Banner image for Scaling New Heights 2024, the premier accounting technology conference in the United States. The image features the conference theme and dates.

Fraud Defense Tactics for Accounting Professionals

Lori Sughroue
Posted by Lori Sughroue on Feb 13, 2024 1:00:00 AM

Fraud, in its various forms, continues to pose a significant threat to individuals, businesses, and governments alike. Cyber-attacks, phishing incidents, and other cybersecurity threats have become almost commonplace in our daily lives. These digital threats are just one facet of the broader landscape of fraud, which encompasses a multitude of schemes, including financial statement manipulation, employee expense report fraud, procurement fraud, cryptocurrency scams, Ponzi schemes, data breaches, and even nonprofit fraud. 

While high-profile cases like Enron and Bernie Madoff's massive frauds capture headlines, the reality is that fraud occurs on a regular basis across various scales. One that hits too close to home for me was the case of Rita Crundwell, who embezzled nearly $54 million from the small town of Dixon, Illinois, over two decades. Such cases are not isolated incidents; they underline the pervasive nature of fraud in our society. 

Understanding the landscape of fraud

Throughout my career as an accountant, I have encountered instances of fraud time and again, prompting the question: Why does fraud occur? There are several key factors contributing to the prevalence of fraud:

  1. Lack of Internal Controls: Small businesses, particularly, often operate with limited resources and may fail to establish robust internal controls. This creates opportunities for employees or business owners to manipulate financial records without detection. 
  1. Limited Oversight: Small businesses can lack independent oversight or separation of duties. When a single individual or a small group has control over all financial aspects, it becomes easier for them to engage in fraudulent activities. 
  1. Financial Pressure: Employees or business owners may face personal financial stress or difficulties, which can drive them to commit fraud to alleviate their financial problems. 
  1. Opportunity: Fraudsters tend to exploit weaknesses in internal controls and processes. Small businesses may lack dedicated fraud prevention measures, making it easier for individuals to identify and exploit opportunities for fraud. 
  1. Lack of Employee Screening: Smaller businesses might not conduct thorough background checks or employee screening, inadvertently hiring individuals with a history of fraud or unethical behavior.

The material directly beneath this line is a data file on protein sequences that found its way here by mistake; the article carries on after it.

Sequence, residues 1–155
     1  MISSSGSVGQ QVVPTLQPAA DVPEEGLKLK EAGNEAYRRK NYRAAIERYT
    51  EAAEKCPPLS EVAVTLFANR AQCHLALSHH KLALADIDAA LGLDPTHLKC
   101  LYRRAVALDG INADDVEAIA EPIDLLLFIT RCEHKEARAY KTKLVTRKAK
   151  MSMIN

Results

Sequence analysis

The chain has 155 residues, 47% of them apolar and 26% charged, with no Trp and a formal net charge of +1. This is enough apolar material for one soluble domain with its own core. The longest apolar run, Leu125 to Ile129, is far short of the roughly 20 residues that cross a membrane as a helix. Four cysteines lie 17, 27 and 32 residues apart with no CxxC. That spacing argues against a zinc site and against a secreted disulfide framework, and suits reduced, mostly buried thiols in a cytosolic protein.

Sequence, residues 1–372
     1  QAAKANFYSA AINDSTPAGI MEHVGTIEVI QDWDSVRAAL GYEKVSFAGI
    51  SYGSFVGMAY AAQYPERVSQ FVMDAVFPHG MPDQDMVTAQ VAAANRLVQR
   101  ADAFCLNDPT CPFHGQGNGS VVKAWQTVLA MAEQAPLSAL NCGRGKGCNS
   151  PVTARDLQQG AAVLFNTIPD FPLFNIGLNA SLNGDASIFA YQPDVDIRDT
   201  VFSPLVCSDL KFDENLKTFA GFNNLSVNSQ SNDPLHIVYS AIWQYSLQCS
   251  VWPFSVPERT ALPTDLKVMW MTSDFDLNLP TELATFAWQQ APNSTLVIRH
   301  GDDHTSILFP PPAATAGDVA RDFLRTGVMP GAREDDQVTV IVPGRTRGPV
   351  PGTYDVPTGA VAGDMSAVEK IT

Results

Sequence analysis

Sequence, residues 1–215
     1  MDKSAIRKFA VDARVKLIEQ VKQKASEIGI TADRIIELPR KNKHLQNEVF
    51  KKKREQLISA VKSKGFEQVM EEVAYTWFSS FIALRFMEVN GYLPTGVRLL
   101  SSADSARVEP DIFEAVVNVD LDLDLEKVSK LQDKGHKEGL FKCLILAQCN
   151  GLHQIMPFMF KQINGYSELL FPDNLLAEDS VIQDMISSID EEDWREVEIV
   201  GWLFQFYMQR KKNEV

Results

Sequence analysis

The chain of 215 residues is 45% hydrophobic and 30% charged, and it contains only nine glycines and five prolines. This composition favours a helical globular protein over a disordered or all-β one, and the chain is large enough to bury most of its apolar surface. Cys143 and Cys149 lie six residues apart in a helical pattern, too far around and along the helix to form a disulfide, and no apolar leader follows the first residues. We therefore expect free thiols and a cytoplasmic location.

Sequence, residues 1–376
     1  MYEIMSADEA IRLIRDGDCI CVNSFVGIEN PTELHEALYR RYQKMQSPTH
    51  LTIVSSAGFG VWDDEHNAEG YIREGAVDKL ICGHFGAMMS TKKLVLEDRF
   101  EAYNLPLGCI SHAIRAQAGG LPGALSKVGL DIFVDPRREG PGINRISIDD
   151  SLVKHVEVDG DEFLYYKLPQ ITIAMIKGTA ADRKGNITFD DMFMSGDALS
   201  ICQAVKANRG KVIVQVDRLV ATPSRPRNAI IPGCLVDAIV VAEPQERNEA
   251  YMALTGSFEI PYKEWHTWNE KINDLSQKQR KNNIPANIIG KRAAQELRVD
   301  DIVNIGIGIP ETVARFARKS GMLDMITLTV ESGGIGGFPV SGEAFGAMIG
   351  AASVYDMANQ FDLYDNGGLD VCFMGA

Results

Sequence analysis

1. Trust and Familiarity: In close-knit, small business environments, a high level of trust often exists among employees and owners. Unfortunately, this trust can be exploited by individuals who take advantage of their positions. 
  1. Inadequate Training: Employees in small businesses may not receive sufficient training in fraud prevention or may remain unaware of the warning signs associated with fraudulent activities. 
  1. Pressure to Meet Financial Targets: Small businesses may face intense competition or financial challenges, which can result in pressure to achieve revenue or profit targets. Such pressures can incentivize unethical behavior. 
  1. Owner Involvement: In certain cases, the business owners themselves may be directly involved in fraud due to a lack of oversight or a desire to manipulate financial statements for personal gain. 

Strategies for Fraud Prevention and Detection

As accountants and business advisors, we play a crucial role in mitigating the risks associated with fraud. Proactive steps we can take to assist businesses in preventing and addressing fraud: 

  1. Risk Assessment: Conduct a comprehensive fraud risk assessment for the business, identifying potential fraud risks specific to its industry, organization, and processes. 
  1. Segregation of Duties: Help clients establish proper segregation of duties within their financial processes, ensuring that no single individual has control over critical financial functions like transaction approval, recording, and reconciliation. 
  1. Internal Controls: Assist in designing and implementing effective internal controls, encompassing approval workflows, reconciliation procedures, and access controls for financial systems. 
  1. Fraud Policy and Code of Conduct: Help businesses develop and communicate a clear and comprehensive fraud policy and code of conduct. Encourage employees to report suspicious activities through established channels.